It’s amazing in 2021 millions of americans have no acess to broadband when most company’s allow work from home as an option

That One Guy (profile) says:

Re: Re: Re:

The odds are certainly low as they have a vested interest in killing off the dreaded competition that muni broadband provides but they haven’t managed to kill it entirely yet, and if memory serves on a statewide or more local level they’ve lost multiple times as it turns out it’s somewhat more difficult(though not impossible) to fool a bunch of people with firsthand experience of what can be expected from the major telecom providers as opposed to simply buying a few politicians who don’t care so long as the cash keeps coming.

This comment has been deemed insightful by the community.
Yes, I Know I'm Commenting Anonymously says:

To: NTIA

Those grants will be used to shore up broadband gaps and fund digital divide initiatives.

Please, please, please NTIA, check the ISP’s own broadband availability maps and REFRAIN from giving out grants for those areas already served.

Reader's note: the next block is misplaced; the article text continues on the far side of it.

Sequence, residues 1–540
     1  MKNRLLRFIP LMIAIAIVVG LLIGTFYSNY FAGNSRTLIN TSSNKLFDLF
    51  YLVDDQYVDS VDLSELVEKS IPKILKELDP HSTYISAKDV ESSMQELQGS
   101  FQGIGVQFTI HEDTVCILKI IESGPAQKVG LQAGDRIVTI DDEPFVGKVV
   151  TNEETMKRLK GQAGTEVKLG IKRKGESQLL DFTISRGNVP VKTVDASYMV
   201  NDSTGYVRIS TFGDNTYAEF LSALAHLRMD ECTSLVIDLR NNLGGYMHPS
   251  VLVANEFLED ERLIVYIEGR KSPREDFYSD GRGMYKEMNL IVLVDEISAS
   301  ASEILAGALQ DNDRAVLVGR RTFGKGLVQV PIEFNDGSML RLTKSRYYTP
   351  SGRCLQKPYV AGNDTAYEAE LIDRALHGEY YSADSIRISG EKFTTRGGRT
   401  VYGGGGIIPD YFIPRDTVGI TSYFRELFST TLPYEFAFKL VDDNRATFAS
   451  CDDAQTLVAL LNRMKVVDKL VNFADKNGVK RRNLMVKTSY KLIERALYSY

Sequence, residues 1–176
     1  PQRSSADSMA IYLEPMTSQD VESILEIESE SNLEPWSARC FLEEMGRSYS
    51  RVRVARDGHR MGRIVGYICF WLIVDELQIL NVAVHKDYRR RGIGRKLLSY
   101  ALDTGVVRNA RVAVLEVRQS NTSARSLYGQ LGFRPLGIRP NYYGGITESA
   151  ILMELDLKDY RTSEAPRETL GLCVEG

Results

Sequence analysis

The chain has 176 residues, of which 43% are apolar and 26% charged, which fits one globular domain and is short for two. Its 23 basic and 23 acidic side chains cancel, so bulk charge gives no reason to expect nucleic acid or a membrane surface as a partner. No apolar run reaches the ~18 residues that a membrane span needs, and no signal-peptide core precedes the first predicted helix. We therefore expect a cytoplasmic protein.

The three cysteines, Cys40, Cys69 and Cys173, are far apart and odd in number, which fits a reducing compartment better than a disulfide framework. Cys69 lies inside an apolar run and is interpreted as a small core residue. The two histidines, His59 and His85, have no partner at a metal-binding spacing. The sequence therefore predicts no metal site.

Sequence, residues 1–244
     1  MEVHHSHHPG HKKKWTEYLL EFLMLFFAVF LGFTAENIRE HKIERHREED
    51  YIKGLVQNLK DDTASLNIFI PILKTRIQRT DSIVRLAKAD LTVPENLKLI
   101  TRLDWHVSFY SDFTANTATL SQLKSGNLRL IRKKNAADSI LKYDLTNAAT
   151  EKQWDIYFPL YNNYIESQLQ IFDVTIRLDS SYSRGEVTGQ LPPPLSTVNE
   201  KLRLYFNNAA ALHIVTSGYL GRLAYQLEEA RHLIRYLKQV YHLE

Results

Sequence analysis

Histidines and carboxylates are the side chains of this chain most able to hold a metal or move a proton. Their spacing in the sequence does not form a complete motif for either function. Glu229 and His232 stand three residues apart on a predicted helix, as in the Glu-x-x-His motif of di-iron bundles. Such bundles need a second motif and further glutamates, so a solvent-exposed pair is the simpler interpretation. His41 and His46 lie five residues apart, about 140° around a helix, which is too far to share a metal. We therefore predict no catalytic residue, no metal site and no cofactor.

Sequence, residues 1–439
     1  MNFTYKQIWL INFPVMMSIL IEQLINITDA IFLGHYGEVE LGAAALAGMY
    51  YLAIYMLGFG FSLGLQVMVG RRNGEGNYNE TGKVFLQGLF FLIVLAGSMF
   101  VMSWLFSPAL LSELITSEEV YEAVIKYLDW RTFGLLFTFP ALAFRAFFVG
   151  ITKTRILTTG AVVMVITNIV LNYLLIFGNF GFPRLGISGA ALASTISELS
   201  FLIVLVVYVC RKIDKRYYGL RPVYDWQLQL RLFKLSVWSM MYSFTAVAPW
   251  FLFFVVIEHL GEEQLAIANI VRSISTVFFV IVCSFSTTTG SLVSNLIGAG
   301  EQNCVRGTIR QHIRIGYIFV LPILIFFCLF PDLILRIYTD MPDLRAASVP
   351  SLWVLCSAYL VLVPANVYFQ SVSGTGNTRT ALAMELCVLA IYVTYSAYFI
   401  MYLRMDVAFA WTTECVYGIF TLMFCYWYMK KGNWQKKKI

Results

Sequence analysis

That One Guy (profile) says:

Re: Re: To: NTIA

Alternatively as I’ve proposed before you don’t give them so much as a penny ahead of time, instead you bank that money and offer refunds that they can apply for after they’ve done the work such that if they don’t do the work they don’t get the money and there’s less of an ability for them to game the system.

ilgeo (profile) says:

FCC

Its humorous that the NTIA will be distributing the broadband grants (not the FCC), and the bill orders the FCC to report to Congress as to how it can better manage the USF program (which also of course distributes broadband funds). In other words, Congress has had enough of the FCC’s mismanagement of its broadband funding programs. Also, when are we going to see the new FCC broadband maps? The FCC was supposed to have the final regs issued in Sept 2020, with the final regs for the modification of the form 477 promulgated in March 2021.